The numbers released by Bloomberg a few weeks ago – and what they say about the world’s wealthiest families – are astonishing to me:
The top 25 families control almost $1.4 trillion of the world’s wealth (an increase of 24% from 2018).
These families combined to accumulate $250 billion more in wealth over the previous year.
The wealthiest family – the Waltons, of Walmart fame – are worth just over USD $190 billion. They grow their wealth by $100 million per day. In the time you’ll take to read this short e-mail, the Waltons will have added $350,000 to their net worth.
These and other revelations are found in Bloomberg’s 2019 ranking of what it calls the world’s ‘wealthiest family dynasties.’ Many of the names are iconic and known to all of us. Others are known more for their operating companies and public-facing brands than their family name. And others are more obscure, but wealthy dynasties just the same. They stretch from North America to Europe and Asia.
Beyond the obvious – family businesses all across the globe really can grow this large – we at CMG have noticed three common ingredients in the top 25.
Humble origins. Many families have their roots in small operations that grew steadily (and sometimes explosively) over time. Sam Walton started with one store. Frank Mars learned to hand-dip chocolates as a young boy. Hermes started in 1837 by making riding gear for noblemen. Here in Canada, the Thomson family gave birth to its media empire with one lonely radio station.
Longevity. All but one of the families has spanned at least three generations. The two families behind Cargill are in their sixth generation, as is Hermes! Mars and Johnson (makers of Tylenol and other household products) are each in their fifth. Many more have endured for four generations. These families have not only been successful in building iconic businesses, they have endured.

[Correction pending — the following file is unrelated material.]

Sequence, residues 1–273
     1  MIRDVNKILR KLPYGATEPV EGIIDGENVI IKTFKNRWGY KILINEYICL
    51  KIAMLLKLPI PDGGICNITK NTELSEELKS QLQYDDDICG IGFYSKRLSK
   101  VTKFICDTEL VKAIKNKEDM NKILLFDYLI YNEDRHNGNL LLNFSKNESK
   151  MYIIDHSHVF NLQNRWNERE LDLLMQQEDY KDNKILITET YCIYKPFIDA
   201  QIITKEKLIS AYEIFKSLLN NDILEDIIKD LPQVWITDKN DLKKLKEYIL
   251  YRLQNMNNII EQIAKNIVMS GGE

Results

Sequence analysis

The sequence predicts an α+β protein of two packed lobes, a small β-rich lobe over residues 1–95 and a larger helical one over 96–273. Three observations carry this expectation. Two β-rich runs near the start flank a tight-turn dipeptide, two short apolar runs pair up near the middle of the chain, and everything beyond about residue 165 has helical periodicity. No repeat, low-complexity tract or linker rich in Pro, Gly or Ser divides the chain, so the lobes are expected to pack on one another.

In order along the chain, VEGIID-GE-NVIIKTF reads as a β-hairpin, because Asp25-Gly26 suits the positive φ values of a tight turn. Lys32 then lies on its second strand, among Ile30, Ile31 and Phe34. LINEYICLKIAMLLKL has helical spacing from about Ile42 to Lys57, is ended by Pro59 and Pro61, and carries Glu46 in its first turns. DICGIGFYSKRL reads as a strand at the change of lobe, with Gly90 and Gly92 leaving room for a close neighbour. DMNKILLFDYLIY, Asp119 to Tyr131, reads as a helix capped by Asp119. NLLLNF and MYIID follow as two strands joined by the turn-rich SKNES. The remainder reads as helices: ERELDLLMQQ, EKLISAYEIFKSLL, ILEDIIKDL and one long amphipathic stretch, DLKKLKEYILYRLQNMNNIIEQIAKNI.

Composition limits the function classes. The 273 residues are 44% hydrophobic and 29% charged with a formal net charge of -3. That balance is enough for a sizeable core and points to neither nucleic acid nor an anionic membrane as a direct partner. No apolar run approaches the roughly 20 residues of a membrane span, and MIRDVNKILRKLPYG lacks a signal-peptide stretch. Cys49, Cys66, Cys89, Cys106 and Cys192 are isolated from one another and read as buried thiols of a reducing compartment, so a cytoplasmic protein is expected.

Persistence. Like many of the business families we see here at home, the top 25 have weathered their share of challenges – within the family, in the business, and often both. More than 50 family shareholders banded together in 2010 to fight off a hostile takeover that would have taken Hermes public. (We even wrote about it.) The Johnson family turned a nightmare scenario – the Tylenol scare of 1982 – into a reputational gain by the speedy and effective manner in which it handled the crisis. Closer to home, think of how the McCain family overcame the listeria outbreak at Maple Leaf Foods in 2008. The world’s wealthiest families have not only endured, they have overcome major challenges in doing so.
So how do they do it?
It’s a topic constantly on our minds at CMG – and really at the core of what we do. We’re currently in the midst of a research project examining the key lessons learned from Canada’s most accomplished families in making the successful transition from one generation to the next – and often multiple times. Are there principles or best practices common amongst such families? What are the consistent threads? And are there pitfalls to avoid?
We expect to share our initial findings of the research in the next few months
In the meantime, you can read Bloomberg’s story and ranking of the world’s 25 wealthiest families here.
Marty McConnell is a co-founder and partner at Creaghan McConnell Group.